Republican presidential contender Vivek Ramaswamy withdrew from the US presidential race on Tuesday following a lackluster performance in the Iowa debates. Former President Donald Trump emerged victorious in the Iowa Caucus, the nation’s inaugural nominating contest, as reported by Bloomberg, citing a source.
Addressing his supporters in Des Moines late on Monday, Ramaswamy acknowledged Trump’s decisive win and announced his full endorsement of the former president. Ramaswamy, a 38-year-old entrepreneur who entered the presidential race relatively unknown, had earlier suggested to The Wall Street Journal that Trump might face eligibility challenges due to various legal issues.
After finishing fourth in Iowa, significantly behind Trump, Florida Governor Ron DeSantis, and former UN Ambassador Nikki Haley, Ramaswamy expressed surprise at the outcome. Trump led the Iowa surveys with 53%, while Haley had 18%, and DeSantis trailed with 15%. DeSantis later surpassed Haley in the results.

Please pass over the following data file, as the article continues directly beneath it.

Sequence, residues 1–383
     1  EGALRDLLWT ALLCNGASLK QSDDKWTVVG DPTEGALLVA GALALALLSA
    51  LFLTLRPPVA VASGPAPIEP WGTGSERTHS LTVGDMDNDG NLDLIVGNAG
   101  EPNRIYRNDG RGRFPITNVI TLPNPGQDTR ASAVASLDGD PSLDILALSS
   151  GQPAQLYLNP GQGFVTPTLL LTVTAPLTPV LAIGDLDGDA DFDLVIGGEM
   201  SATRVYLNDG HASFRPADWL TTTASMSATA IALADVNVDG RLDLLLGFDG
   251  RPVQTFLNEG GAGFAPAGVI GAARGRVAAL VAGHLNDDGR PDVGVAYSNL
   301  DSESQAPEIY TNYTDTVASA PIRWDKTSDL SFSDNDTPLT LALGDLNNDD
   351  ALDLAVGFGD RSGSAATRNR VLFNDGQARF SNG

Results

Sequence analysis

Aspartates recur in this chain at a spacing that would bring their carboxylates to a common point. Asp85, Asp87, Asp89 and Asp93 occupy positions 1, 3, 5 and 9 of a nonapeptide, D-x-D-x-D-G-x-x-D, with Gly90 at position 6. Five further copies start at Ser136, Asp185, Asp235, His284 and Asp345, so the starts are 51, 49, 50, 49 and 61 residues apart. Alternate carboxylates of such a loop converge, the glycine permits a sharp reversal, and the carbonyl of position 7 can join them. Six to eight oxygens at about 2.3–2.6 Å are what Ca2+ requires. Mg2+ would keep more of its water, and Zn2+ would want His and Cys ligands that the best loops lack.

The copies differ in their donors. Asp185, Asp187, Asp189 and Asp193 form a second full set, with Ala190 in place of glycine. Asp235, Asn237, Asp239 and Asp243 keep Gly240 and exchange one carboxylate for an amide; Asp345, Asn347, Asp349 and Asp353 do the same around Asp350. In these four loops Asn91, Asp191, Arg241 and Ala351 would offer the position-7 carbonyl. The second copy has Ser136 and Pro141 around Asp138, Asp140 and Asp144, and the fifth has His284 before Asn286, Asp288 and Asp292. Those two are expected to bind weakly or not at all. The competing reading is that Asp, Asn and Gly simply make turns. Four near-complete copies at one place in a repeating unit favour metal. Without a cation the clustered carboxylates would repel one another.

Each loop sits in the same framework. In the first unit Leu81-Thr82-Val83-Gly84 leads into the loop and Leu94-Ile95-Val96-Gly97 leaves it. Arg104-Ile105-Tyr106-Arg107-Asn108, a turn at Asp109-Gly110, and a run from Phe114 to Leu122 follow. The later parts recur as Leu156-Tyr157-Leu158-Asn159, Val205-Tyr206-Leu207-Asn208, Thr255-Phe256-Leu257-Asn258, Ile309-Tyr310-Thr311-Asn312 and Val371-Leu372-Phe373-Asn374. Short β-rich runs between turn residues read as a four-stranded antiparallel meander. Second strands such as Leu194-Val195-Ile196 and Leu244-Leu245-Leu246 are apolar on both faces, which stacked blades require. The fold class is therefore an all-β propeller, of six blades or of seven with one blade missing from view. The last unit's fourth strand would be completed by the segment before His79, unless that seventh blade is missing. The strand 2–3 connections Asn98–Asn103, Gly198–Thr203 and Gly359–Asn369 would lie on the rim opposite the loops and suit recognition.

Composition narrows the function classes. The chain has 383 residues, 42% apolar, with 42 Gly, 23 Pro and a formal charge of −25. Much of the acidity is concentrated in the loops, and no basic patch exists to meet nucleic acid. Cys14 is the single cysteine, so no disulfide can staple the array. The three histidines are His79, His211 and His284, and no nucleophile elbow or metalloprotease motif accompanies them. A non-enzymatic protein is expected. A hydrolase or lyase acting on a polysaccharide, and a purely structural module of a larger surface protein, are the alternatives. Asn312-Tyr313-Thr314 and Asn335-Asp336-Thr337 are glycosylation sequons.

Ramaswamy, in a post-defeat speech, shared plans to join Trump at a rally in New Hampshire and voiced his commitment to working towards Trump’s candidacy in the next presidential election. Despite Trump’s recent critical remarks, Ramaswamy remained steadfast in his support, emphasizing their shared vision for the country’s future.
Entering the presidential race in February 2023, Ramaswamy aligned himself with Trump’s “America First” agenda, aiming to appeal to Republican voters loyal to the MAGA movement. Despite his efforts, Ramaswamy failed to garner substantial support from Trump, who remained a dominant figure among Republican voters.
Trump, in a social media post, criticized Ramaswamy for what he perceived as deceptive campaign tactics, contrasting with Ramaswamy’s initial expression of strong support. Meanwhile, President Joe Biden urged supporters to contribute to his campaign in response to Trump’s victory in Iowa, emphasizing the ongoing battle against extreme MAGA Republicans.
Approximately 100,000 Iowans participated in the Republican caucuses despite challenging weather conditions, marking a significant drop from the 2016 Republican caucus turnout of 186,874. The Iowa GOP commended the citizens for engaging in grassroots democracy despite adverse weather conditions.